“Smarter Disaster Management”- updated

About a week ago, I did a posting that indicated that major changes to FEMA’s public assistance program was underway — see Jan. 22 posting.

Also on that topic see the article in The Street titled Winter Storm Jonas Aftermath: FEMA Considers Plan to Tighten Disaster Funds Faucet. The article notes a report (and link) to an article titled Smarter Disaster Management, by Juliette Kayyem, in the Journal of Democracy. She discusses going beyond the need to repair the public assistance program and argues for major changes in the Stafford Act, the enabling legislation for FEMA.

Update: the Diva received a number of comments from readers, all of which were quite positive about Ms Kayyem’s recommendations.

And Quin Lucie provided some background, via a post on Homeland Security Watch, on the need for changes in the declaration process and reform of the Stafford Act. See that posting from 2013:  Where The Heck’s My Declaration?

 

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3 Responses to “Smarter Disaster Management”- updated

  1. Pingback: What Comes Around, Goes Around (and Around and Around): Reviving the Lost History of FEMA and its Importance to Future Disasters - HOMELAND SECURITY AFFAIRS

  2. CORRECTION: 80% of all Presidential disaster declarations since 1951 for floods!

  3. 80% of all disaster outlays for floods since 1951 when Public Law 875 of the 81st Congress made ongoing disaster response and recovery an entitlement once the President has issued a declaration. All citizens and legal residents of the UDSA are entitled to Equal Protection of the Law [in this case the Constitution]! Ms. Kayyem is correct in her conclusions. But there is a missing link. Reform of the NFIP also necessary. The first NFIP policy issued June 6, 1969, in Monroe County, FLA.

    But the NFIP is a land use program masked as an insurance program. Like the Stafford Act it is written and authorized by the wrong Congressional committees. The NFIP is overseen by the Banking [finance] committees that are total ignorant of science and mitigation just as the Stafford Act is overseen by the Public Works Committees that are also totally ignorant of science and mitigation.

    I have discussed NFIP reform on several blogs. HLSWatch.com for one. That program should be modified to provide dire4ct federal insurance and regulation only in the 300 coastal counties of the USA with a roll-off of policies issue in the other 3800 [of 4100 counties] that may have riverine/inland flooding. Federal reinsurance could be provided if necessary in layered form. But the offering of direct insurance in those 3800 counties can be provided if it wishes to do so in those 3800 counties. Mitigation and mapping should be a State responsibility [or river basin commission] if the States wish to do so. The NFIP was designed as a riverine/inland flooding program as Dr. Gilbert White, PhD, now deceased long argued.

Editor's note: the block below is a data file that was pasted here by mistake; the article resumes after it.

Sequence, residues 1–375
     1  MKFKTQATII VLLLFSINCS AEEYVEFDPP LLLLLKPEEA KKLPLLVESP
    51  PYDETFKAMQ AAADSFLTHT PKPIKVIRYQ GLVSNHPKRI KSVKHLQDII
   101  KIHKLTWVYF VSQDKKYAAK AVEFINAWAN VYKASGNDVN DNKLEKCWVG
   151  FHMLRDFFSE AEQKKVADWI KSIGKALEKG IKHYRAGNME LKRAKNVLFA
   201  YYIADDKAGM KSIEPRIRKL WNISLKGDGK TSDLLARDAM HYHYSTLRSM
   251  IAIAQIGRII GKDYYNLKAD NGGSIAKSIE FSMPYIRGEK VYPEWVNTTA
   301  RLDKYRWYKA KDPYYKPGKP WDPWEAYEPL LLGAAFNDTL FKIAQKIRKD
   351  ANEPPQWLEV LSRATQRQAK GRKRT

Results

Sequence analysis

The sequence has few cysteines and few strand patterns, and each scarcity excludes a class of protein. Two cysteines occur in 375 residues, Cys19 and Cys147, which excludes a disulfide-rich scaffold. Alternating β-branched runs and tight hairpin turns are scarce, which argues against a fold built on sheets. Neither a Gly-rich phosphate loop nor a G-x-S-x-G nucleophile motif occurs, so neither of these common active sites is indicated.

See http://www.fas.org/irp/agency/dhs/fema/index.html !

    That 50 year experiment has now ended and only the 300 coastal counties should be of major concern to the federal government since 40-50% of total USA population occupy them for up to six months a year.

    Bottom line the peril of riverine/inland floods should no longer be in definitions of the Robert T. Staffor Act, AS amended [Public Law 100-707] codified at 42 USC Sections 5101 and following.

    The statutes controlling the NFIP are codified at 42 USC Sections 4101 and following.

    It should be noted that the key to reducing disaster outlays is the NFIP not the Stafford Act.

    There should be a reassignment to both the Science Committees in the Congress of the NFIP and the Stafford Act.

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